• 15. Le Novere N, Bornstein B, Broicher A, et al. (2006) BioModels Database: a free, centralized database of curated, published, quantitative kinetic models of biochemical and cellular systems. Nucleic Acids Res 34: D689–691.
  • 16. Rocha I, Maia P, Evangelista P, et al. (2010) OptFlux: an open-source software platform for in silico metabolic engineering. BMC Syst Biol 4: 45.    
  • 17. Hoops S, Sahle S, Gauges R, et al. (2006) COPASI--a COmplex PAthway SImulator. Bioinformatics 22: 3067–74.
  • 18. Schaber J (2012) Easy parameter identifiability analysis with COPASI. Biosystems 110: 183–5.
  • 19. Planson AG, Carbonell P, Paillard E, et al. (2012) Compound toxicity screening and structure-activity relationship modeling in Escherichia coli. Biotechnol Bioeng 109: 846–850.
  • 20. Fehér T, Planson AG, Carbonell P, et al. (2014) Validation of RetroPath, a computer-aided design tool for metabolic pathway engineering. Biotechnol J 9: 1446–1457.
  • 21. Planson AG, Carbonell P, Grigoras I, et al. (2012) A retrosynthetic biology approach to therapeutics: from conception to delivery. Curr Opin Biotechnol 23: 948–956.
  • 22. Fernandez-Castane A, Feher T, Carbonell P, et al. (2014) Computer-aided design for metabolic engineering. J Biotechnol 192: 302–313.
  • 23. Atsumi S, Hanai T, Liao JC (2008) Non-fermentative pathways for synthesis of branched-chain higher alcohols as biofuels. Nature 451: 86–89.
  • 24. Reed JL, Vo TD, Schilling CH, et al. (2003) An expanded genome-scale model of Escherichia coli K-12 (iJR904 GSM/GPR). Genome Biol 4: R54.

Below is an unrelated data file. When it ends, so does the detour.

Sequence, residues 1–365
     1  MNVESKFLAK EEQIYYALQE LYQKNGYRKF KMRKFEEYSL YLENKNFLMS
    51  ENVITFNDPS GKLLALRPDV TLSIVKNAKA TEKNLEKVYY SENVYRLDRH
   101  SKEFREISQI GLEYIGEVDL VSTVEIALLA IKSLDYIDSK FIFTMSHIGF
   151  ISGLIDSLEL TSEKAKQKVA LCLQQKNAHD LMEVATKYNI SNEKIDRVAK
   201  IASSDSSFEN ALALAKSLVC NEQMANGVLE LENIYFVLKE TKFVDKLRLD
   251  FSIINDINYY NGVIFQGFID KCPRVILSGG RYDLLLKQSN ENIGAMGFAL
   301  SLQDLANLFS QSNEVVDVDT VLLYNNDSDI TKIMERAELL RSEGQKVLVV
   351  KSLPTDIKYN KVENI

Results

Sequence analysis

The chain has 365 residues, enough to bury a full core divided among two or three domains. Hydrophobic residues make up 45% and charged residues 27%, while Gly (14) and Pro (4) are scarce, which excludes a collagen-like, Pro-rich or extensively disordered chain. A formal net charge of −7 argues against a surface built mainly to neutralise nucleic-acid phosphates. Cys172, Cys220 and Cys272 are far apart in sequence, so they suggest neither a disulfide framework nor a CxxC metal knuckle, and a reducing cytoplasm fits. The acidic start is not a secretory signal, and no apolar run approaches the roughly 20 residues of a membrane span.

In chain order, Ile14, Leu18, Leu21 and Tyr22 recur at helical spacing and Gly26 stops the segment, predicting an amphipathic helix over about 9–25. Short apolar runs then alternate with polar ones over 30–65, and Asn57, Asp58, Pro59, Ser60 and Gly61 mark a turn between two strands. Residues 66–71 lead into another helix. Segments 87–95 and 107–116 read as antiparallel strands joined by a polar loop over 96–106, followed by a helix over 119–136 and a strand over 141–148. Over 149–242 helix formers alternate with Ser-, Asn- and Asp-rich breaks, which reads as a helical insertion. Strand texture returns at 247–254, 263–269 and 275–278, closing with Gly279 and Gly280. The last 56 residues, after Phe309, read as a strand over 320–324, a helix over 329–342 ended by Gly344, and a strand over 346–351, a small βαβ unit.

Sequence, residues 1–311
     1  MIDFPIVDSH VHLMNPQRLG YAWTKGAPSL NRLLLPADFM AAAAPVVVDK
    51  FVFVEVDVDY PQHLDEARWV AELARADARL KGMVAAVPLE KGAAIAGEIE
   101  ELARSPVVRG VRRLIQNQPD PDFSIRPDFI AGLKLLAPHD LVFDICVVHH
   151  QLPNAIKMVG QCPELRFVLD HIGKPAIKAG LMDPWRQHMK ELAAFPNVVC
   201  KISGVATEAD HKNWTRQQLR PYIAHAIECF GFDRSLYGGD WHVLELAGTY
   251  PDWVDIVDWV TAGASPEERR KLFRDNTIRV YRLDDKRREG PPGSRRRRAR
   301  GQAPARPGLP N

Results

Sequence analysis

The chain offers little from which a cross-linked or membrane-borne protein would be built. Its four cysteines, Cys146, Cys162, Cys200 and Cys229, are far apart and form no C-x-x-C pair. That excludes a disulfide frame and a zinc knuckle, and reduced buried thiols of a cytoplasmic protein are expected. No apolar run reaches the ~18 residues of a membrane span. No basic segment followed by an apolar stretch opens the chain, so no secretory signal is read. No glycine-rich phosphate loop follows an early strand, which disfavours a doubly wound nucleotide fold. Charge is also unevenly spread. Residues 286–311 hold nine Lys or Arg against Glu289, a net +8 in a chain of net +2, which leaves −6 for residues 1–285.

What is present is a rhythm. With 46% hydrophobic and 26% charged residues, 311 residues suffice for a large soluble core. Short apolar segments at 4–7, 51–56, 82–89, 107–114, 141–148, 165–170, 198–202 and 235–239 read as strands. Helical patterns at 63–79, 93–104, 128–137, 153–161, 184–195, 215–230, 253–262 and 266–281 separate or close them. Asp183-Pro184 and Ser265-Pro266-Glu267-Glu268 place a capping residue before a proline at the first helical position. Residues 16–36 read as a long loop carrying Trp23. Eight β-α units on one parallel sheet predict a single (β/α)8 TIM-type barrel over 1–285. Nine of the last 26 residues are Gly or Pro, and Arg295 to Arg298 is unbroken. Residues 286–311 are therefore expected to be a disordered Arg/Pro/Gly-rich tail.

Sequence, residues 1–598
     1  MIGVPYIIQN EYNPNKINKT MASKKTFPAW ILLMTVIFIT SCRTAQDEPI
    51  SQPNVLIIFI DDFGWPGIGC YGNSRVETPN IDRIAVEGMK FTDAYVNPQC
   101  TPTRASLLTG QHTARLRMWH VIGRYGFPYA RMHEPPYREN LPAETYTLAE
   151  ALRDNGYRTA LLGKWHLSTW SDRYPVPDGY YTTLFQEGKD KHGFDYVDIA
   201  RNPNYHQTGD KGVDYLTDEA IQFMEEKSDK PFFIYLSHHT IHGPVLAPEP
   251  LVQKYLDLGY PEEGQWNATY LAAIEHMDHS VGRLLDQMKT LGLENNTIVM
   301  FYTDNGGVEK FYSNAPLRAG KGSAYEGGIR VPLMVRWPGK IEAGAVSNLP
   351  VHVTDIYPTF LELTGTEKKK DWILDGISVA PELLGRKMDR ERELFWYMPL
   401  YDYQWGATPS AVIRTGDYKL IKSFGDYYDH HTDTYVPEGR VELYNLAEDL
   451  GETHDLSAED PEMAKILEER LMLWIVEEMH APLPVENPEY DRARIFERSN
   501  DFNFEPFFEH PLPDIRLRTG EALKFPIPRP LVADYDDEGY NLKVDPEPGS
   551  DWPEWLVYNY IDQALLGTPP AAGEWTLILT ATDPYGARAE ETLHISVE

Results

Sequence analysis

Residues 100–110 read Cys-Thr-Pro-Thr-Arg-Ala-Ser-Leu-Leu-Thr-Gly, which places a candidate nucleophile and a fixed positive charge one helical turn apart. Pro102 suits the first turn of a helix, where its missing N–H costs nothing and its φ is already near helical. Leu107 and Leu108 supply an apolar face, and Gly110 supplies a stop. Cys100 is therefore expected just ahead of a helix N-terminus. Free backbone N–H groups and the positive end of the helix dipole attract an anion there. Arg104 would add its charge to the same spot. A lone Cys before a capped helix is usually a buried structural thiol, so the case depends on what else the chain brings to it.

• 25. Shinfuku Y, Sorpitiporn N, Sono M, et al. (2009) Development and experimental verification of a genome-scale metabolic model for Corynebacterium glutamicum. Microb Cell Fact 8: 43.    
  • 26. Mo ML, Palsson BO, Herrgard MJ (2009) Connecting extracellular metabolomic measurements to intracellular flux states in yeast. BMC Syst Biol 3: 37.    
  • 27. Becker SA, Feist AM, Mo ML, et al. (2007) Quantitative prediction of cellular metabolism with constraint-based models: the COBRA Toolbox. Nat Protoc 2: 727–738.
  • 28. Schellenberger J, Que R, Fleming RM, et al. (2011) Quantitative prediction of cellular metabolism with constraint-based models: the COBRA Toolbox v2.0. Nat Protoc 6: 1290–1307.
  • 29. Trinh CT, Wlaschin A, Srienc F (2009) Elementary mode analysis: a useful metabolic pathway analysis tool for characterizing cellular metabolism. Appl Microbiol Biotechnol 81: 813–826.
  • 30. Pharkya P, Burgard AP, Maranas CD (2004) OptStrain: A computational framework for redesign of microbial production systems. Genome Res 14: 2367–2376.
  • 31. Burgard AP, Pharkya P, Maranas CD (2003) Optknock: a bilevel programming framework for identifying gene knockout strategies for microbial strain optimization. Biotechnol Bioeng 84:647–657.
  • 32. Mienda BS, Shamsir MS, Shehu I, et al. (2014) In Silico Metabolic Engineering Interventions of Escherichia coli for Enhanced Ethanol Production, Based on Gene Knockout Simulation. IIOAB J 5: 16–23.
  • 33. Mienda BS, Shamsir MS (2014) In silico Gene knockout metabolic interventions in Escherichia coli for Enhanced Ethanol production on Glycerol. Res J Pharm Biol Chem Sci 5: 964–974.
  • 34. Mienda BS, Shamsir MS, Salleh FM (2014) In silico metabolic engineering prediction of Escherichia coli genome model for production of D-lactic acid from glycerol using the OptFlux software platform. Int J Computational Bioinformatics In Silico Modeling 3: 460–465.
  • 35. Dhamankar H, Prather KL (2011) Microbial chemical factories: recent advances in pathway engineering for synthesis of value added chemicals. Curr Opin Struct Biol 21: 488–494.


This article has been cited by

Reader Comments

your name: *   your email: *  

Copyright Info: 2015, Bashir Sajo Mienda, et al., licensee AIMS Press. This is an open access article distributed under the terms of the Creative Commons Attribution Licese (http://creativecommons.org/licenses/by/4.0)

Download full text in PDF

Export Citation

Copyright © AIMS Press All Rights Reserved